Robots to decommission old nuclear sites such as Sellafield and Fukushima as part of £12 million partnership between UK and Japan
- The partnership will focus on developing systems for old nuclear sites
- Robotics are set to play a key role in the task of decommissioning nuclear sites
- The collaboration will also allow the two countries to pursue research into fusion energy – a form of low-carbon energy
The UK and Japan are working together to develop new technologies to safely decommission old nuclear sites.
The £12 million partnership, called LongOps, will focus on developing automated systems for sites including Fukushima in Japan, and Sellafield in Cumbria.
Robots are set to play an essential part in the time-intensive task of decommissioning legacy nuclear facilities faster, in a bid to remove risk to human health.
The collaboration will also allow the two countries to pursue research into fusion energy – a form of power generation that would generate electricity using heat from nuclear reactions.
The £12 million partnership will focus on developing automated systems for sites including Fukushima in Japan (pictured), and Sellafield in Cumbria
Robotics are set to play an essential part in the time-intensive task of decommissioning legacy nuclear facilities faster in a bid to remove risk to human health (stock image)
Long-reach robotic arms will be used at the Sellafield site in Cumbria, as well as the Fukushima Dai-ichi reactors in Japan – which suffered a nuclear disaster in March 2011 after an earthquake and tsunami destroyed key cooling functions.
Developments from LongOps will also be applied to the upgrading, maintenance and dismantling of fusion devices, such as the Joint European Torus (JET), once their lifespans have ended.
A major feature of the LongOps programme will be the deployment of sophisticated ‘digital twin’ technology
This involves the creation of detailed virtual models of the physical world, allowing engineers to test new technologies in the virtual world and forecast potential maintenance and operational issues before developing real-world applications.
Long-reach robotic arms will be used at the Sellafield site in Cumbria, one of the UK’s biggest nuclear waste management sites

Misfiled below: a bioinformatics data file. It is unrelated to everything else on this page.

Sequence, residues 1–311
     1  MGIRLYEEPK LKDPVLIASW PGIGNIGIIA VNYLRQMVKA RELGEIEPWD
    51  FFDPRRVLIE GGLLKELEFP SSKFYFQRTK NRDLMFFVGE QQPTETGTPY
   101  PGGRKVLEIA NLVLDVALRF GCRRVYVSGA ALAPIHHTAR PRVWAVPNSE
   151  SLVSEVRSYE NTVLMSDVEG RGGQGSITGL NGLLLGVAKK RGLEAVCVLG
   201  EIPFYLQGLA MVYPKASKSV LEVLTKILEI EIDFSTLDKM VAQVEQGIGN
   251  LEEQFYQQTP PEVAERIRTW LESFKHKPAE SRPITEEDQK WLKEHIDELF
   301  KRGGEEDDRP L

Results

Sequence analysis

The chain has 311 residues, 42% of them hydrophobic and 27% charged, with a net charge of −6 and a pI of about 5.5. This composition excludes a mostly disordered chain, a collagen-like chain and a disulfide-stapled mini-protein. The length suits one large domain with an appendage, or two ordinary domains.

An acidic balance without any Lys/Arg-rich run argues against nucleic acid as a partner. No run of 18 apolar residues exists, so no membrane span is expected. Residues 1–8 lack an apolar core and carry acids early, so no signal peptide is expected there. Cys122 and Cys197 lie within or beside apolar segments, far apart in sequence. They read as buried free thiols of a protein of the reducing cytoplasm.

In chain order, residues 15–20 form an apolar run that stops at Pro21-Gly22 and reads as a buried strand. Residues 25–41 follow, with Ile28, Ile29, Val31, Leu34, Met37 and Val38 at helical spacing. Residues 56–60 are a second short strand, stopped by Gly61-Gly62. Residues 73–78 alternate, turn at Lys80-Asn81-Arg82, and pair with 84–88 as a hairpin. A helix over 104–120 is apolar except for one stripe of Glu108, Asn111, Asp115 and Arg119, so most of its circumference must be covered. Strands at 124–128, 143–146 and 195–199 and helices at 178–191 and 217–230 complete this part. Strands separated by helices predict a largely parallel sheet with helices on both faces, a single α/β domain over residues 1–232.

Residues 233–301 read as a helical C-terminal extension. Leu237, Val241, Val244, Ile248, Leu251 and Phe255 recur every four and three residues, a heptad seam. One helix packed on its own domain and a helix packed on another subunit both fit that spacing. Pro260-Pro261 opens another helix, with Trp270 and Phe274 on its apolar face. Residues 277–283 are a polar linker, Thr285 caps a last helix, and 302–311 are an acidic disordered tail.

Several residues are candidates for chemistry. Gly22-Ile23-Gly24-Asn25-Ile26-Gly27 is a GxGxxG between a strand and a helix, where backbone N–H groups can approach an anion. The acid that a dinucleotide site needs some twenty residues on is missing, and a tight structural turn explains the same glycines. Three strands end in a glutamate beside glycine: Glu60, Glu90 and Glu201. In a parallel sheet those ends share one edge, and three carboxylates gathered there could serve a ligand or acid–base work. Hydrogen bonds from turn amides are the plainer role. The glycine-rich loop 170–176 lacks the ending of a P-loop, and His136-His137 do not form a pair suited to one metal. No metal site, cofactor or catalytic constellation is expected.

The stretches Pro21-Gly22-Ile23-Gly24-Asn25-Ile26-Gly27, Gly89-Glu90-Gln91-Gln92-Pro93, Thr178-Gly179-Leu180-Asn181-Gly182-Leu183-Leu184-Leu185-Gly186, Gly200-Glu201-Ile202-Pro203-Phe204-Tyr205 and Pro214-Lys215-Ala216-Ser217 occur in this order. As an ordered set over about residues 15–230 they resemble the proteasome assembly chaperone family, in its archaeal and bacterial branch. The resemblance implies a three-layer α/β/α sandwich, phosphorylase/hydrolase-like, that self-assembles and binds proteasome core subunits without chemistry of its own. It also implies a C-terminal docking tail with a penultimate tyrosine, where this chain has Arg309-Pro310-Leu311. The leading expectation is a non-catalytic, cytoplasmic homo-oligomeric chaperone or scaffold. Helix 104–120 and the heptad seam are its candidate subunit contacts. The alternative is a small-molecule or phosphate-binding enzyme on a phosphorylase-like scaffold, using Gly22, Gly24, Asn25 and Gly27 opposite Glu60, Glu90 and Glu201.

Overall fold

The project will also serve as an opportunity for the UK and Japan to pursue research into fusion energy.
Fusion is a form of low-carbon energy whereby the power of the sun is replicated on earth. It promises minimal impact to the environment, long-term reliability and weather independence.
‘To unlock the amazing potential of nuclear power, it’s critical that the UK works hand in hand with international partners to safely decommission nuclear sites while backing pioneering research into fusion, which could offer a limitless source of clean energy,’ Amanda Solloway, UK minister for science, research and innovation, said.
‘This innovative research alliance with Japan will ensure we share our expertise in robotics to address complex challenges such as nuclear decommissioning, while helping to secure highly skilled jobs across the country as we build back better from the pandemic.’
UK Research and Innovation (UKRI), the UK’s Nuclear Decommissioning Authority (NDA) and Japan’s Tokyo Electric Power Company (TEPCO) will foot the funding equally over four years.
Akira Ono, chief decommissioning officer of TEPCO, said: ‘It has been almost a decade since the Fukushima Daiichi(1F) accident on March 11 2011.
‘TEPCO’s 1F decontamination and decommissioning was carried out initially on an emergency response basis, but we now will be entering the stage of taking on challenges in unchartered territory such as fuel debris retrieval (FDR).
‘I recognise that the robotics and remote-control technology is one of the most important key success factors for the FDR project.’
Adrian Simper, group strategy and technology director at the NDA, added: ‘Robotics offers us new ways to tackle our complex work safely, securely and cost-effectively.
‘This unique international collaboration allows us to pool expertise and experience from Japan, working together and investing in cutting edge ways to find solutions to our shared problems and benefit our clean-up mission.’
WHAT WAS JAPAN’S 2011 FUKUSHIMA NUCLEAR DISASTER?
In 2011, a 33ft (10m)-high tsunami that killed nearly 19,000 people crashed into Japan’s Fukushima nuclear power plant.
This led to several meltdowns, allowing harmful radioactive fuel rods and debris to escape from contained areas.
Approaching a decade after the disaster, researchers are still struggling to clean up fuel in the waters of the wasting reactors.
Pictured is an aerial view of the reactors of the tsunami-stricken Fukushima Dai-ichi nuclear power plant stand in Okuma, Fukushima
It’s estimated that plant officials have only located 10 per cent of the waste fuel left behind after the nuclear meltdowns.
And the damaged plant is believed to be leaking small amounts of the radioactive waste into the Pacific Ocean, which could be travelling as far as the west coast of the United States.
Researchers are now pinning their hopes on remote-controlled swimming robots to locate the lost fuel in order to work out the safest way to remove it.
The government has lifted evacuation orders for much of the region affected by the meltdown, except for some no-go zones with high radiation levels.
Authorities are encouraging evacuees to return, but the population in the Fukushima prefecture has more than halved from some two million in the pre-disaster period.
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